Conversion

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Conversion

In the context of securities, refers to the exchange of a convertible security such as a bond into stock.

In the context of mutual funds, refers to the free exchange of mutual fund shares from one fund to another in a single family.

Conversion

The act of exchanging a convertible security for the underlying common stock. For example, if one holds a convertible bond in company A, conversion occurs when the holder gives the convertible bond back to company A and, in return, either receives for free or buys at a stated price, common shares in the same company.

conversion

(1) The process of changing a property into condominium ownership. (2) Wrongfully taking property of another,or denying that person access to his or her property.If a self-storage facility overlocks a tenant unit in the mistaken belief the rent is past due, when in reality the rent was credited to the wrong person's account,then the facility is guilty of conversion.

References in periodicals archive ?
Returning to the subject of the Pimonenko painting, which linked conversionary violence and Jewish fanaticism, we see it both as symptom and as cause of the decline of the Russian Empire's multiconfessional establishment and its tolerant ethos in the late imperial period.
Invoking the Protestant conversionary impulse, the CONFAB report argued that "we are saved not for isolation, but for fellowship," warning against "the temptation of considering our own congregation as an entirely 'independent church' as soon as we have succeeded in becoming self-sufficient financially.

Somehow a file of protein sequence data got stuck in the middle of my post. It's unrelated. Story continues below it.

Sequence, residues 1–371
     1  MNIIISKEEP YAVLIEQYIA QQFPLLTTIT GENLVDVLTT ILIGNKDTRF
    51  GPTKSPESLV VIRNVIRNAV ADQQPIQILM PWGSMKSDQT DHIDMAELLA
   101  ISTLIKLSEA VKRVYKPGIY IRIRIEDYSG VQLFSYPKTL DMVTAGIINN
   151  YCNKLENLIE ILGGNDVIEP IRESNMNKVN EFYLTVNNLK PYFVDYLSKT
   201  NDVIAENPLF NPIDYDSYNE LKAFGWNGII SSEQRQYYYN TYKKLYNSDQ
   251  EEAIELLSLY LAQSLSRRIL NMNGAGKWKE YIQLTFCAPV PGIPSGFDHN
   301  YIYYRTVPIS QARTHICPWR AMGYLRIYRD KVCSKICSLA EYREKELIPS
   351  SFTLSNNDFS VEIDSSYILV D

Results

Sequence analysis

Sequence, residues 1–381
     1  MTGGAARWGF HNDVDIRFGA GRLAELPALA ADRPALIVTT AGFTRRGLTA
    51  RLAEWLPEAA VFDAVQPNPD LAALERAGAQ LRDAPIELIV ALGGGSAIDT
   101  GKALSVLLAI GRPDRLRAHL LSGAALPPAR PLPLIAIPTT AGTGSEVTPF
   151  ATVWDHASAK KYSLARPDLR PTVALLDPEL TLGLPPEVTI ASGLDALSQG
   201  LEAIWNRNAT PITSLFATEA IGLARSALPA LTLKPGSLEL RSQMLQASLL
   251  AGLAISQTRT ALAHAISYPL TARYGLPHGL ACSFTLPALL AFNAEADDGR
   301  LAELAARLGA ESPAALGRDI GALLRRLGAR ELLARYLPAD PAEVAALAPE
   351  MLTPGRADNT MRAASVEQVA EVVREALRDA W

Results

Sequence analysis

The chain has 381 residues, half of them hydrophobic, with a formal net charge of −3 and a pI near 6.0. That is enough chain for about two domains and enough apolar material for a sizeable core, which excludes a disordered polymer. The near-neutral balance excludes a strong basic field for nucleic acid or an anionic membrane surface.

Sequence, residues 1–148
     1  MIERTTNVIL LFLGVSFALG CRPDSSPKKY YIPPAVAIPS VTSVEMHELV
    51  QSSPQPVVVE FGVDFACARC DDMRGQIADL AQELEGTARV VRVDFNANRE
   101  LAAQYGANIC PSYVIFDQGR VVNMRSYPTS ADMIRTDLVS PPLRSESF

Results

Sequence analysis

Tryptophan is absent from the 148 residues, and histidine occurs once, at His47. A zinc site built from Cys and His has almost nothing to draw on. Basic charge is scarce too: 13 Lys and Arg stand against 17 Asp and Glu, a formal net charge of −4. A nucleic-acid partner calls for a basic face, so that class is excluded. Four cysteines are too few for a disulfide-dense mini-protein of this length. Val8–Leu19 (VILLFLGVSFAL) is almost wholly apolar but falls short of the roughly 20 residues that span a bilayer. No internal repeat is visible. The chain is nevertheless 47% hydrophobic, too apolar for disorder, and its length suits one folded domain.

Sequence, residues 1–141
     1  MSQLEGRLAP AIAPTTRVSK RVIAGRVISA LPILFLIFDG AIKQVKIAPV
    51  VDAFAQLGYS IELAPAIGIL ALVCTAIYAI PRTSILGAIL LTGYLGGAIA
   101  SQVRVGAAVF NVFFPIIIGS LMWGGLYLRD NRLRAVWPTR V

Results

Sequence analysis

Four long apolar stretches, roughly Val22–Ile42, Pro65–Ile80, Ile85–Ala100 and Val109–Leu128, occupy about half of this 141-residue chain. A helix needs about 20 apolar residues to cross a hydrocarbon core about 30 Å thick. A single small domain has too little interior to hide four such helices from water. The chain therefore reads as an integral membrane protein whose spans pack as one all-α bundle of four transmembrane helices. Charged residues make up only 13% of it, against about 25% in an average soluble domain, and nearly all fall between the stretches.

Even (or perhaps especially) that most influential account of Christian introspection and conversion, Augustine's Confessions, treats the conversionary movement in an extremely complicated temporal fashion.
Levenson, Allan, 1995, The Conversionary Impulse in fin de Siecle Germany, Year Book XL, New York: Leo Baeck Institute.
One might counter this interpretation by arguing that Niebuhr referenced Christian faith as the precondition for Christ's inner clarification, thereby making a conversionary experience the prerequisite for benevolence.
But more significantly, whenever a Jew tests or scorns Mary or her son, he or she is immediately physically struck by divine wrath that is always identified with the mother of God, and the individual either repents, is healed, and becomes a Christian and a conversionary force for other Jews or is killed outright, causing the immediate conversion of other Jews.
The important aspect of this passage is the perspectival limitation of the agent who undergoes a conversionary experience.
At least three different contributors, for example, discuss the famous conversionary conversation on the "true myth" of Christianity that took place in Oxford in 1931 between Lewis, Tolkien, and Hugo Dyson; however, each offers different details, none the complete picture.
However, when we do events with other Christians, we are highly conversionary.
Tobin, Sylvia Barack Fishman and Mordechai Rimor, Jewish Identity in Conversionary and Mixed Marriages (New York, 1992), 39.
The very act of reading has the power to induce a kind of conversionary experience and contributes directly to the shaping of new authorial identities.
Here Freinkel breaks through truisms concerning Portia's legalism or Venetian cynicism to grasp the theological integrity of Portia's performance, without relinquishing any ethical ground to the conversionary forces that Portia mobilizes in the name of mercy.